Maybe we should do something with that?
In fact, having our own data is such a big deal, that we’re using it as an excuse to transform StatsBomb.com. This very website will transition from its laid-back life as an analysis blog into a content website that is going to deliver new content five times a week.
Leading this new content website will be one of our earliest writers. This is a gentleman who published one piece on SB then was immediately whisked away to write for the legendary Grantland website. He has also written for ESPN, FiveThirtyEight, and The Ringer among others.
His name is Michael Goodman (@TheM_L_G), and I’m delighted he has (re)joined the project.
Mike’s new role will see him publishing some of his own analysis every week on StatsBomb prime, plus talent spotting and editing new writers for the new era. These writers will receive access to all the same tools multiple Champions League clubs use right now in StatsBomb IQ, plus access to the new data. And… unlike any previous point in StatsBomb’s history as a blog… we’re going to pay our writers to do all of this.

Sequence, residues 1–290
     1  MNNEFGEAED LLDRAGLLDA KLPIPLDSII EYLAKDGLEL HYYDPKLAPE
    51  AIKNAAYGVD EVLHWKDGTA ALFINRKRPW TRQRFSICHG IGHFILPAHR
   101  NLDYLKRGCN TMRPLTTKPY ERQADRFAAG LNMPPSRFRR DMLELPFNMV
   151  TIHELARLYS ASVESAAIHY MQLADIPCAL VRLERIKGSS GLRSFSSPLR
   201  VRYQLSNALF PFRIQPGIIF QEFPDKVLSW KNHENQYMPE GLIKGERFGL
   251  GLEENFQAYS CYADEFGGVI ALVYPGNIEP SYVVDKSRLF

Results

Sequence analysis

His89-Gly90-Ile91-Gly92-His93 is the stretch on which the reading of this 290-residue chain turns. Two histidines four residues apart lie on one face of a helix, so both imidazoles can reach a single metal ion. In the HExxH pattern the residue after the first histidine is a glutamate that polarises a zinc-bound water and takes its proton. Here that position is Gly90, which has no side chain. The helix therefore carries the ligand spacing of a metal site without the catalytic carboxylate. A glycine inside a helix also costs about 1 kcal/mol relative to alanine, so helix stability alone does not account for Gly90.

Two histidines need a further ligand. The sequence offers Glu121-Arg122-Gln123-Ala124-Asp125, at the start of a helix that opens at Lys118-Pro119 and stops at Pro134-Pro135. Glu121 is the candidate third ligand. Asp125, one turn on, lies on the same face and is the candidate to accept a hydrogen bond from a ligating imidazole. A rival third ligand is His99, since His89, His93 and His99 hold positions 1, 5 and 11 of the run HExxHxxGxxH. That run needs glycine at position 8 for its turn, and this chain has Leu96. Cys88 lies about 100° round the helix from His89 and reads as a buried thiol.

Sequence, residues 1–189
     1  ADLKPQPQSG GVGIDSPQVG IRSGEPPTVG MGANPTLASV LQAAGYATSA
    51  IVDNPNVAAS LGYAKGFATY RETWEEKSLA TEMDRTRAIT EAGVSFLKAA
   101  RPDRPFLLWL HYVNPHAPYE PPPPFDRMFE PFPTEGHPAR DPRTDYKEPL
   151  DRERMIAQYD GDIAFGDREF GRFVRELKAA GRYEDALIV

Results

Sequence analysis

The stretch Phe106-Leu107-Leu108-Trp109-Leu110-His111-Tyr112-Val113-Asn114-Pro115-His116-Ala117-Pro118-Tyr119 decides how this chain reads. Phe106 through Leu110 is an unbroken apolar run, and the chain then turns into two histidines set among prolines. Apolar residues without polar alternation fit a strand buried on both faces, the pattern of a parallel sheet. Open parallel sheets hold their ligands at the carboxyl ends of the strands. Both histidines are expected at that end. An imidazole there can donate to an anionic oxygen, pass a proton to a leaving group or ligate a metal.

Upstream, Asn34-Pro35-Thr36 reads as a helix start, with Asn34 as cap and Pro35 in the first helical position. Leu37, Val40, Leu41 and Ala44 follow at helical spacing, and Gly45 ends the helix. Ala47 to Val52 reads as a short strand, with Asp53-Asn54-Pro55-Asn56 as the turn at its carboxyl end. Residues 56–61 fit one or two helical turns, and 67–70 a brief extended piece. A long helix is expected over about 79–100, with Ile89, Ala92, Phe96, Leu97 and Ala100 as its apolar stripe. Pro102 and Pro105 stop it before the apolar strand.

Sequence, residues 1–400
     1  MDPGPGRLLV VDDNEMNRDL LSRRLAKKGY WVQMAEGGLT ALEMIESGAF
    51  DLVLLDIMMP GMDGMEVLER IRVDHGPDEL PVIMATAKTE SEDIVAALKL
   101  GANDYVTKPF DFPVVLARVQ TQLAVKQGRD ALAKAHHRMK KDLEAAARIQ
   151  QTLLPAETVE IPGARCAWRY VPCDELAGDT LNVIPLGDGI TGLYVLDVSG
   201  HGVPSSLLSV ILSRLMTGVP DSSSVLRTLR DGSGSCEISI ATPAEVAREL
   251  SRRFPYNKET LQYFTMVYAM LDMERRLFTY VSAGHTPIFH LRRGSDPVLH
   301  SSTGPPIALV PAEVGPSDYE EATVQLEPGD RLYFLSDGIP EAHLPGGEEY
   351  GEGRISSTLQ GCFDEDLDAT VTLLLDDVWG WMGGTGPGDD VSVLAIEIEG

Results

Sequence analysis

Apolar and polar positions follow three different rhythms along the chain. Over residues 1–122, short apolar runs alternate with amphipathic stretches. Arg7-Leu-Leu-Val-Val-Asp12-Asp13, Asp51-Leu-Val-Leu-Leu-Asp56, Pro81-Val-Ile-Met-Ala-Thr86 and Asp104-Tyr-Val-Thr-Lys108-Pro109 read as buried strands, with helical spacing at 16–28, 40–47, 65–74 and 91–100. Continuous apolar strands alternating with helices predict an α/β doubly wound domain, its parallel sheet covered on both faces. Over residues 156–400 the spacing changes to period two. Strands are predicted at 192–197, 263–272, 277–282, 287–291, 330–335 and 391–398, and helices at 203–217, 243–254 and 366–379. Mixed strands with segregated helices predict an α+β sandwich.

Mike’s mission is to continue the tradition of quality set by all of the StatsBomb authors who have gone before. We want to deliver excellent writing and the best analysis on football players, teams, and leagues, five days a week. It’s a huge ask, but I think Mike is the best person for the job and has a great chance of pulling this off.
Ask anyone who has been around a while, and they’ll tell you StatsBomb changed how we analyse football. The way people talked about the game in 2012 isn’t the same way people talk about the game in 2018, and we share a small slice of credit in changing that.
- It's normal to strip out penalties from player goal numbers now.
- Expected goals is mainstream.
- Numbers get adjusted for possession.
- Age curves are kind of a big deal.
- PPDA is a thing that exists inside football clubs.
- Teams use stats to scout for players.
- Radars are bloody everywhere. (Sorry, Luke.)
Now we’re going to change football data in a big way, and this website and the people who contribute will continue to be a major part of that.
StatsBomb is now a fully fledged business with customers all over the world. However, a piece of me will always view it as a place where smart people come to write clever things about football. That part isn’t going to change, except that I think from here out we will do it better, and more frequently, than ever before.
I hope you enjoyed the first five years of StatsBomb, and I hope you’ll stick around for the next five.
If our past performance is any indicator of our future, we’re going to change the game of football, and you’re going to want to be there when we do.
Founder and CEO, StatsBomb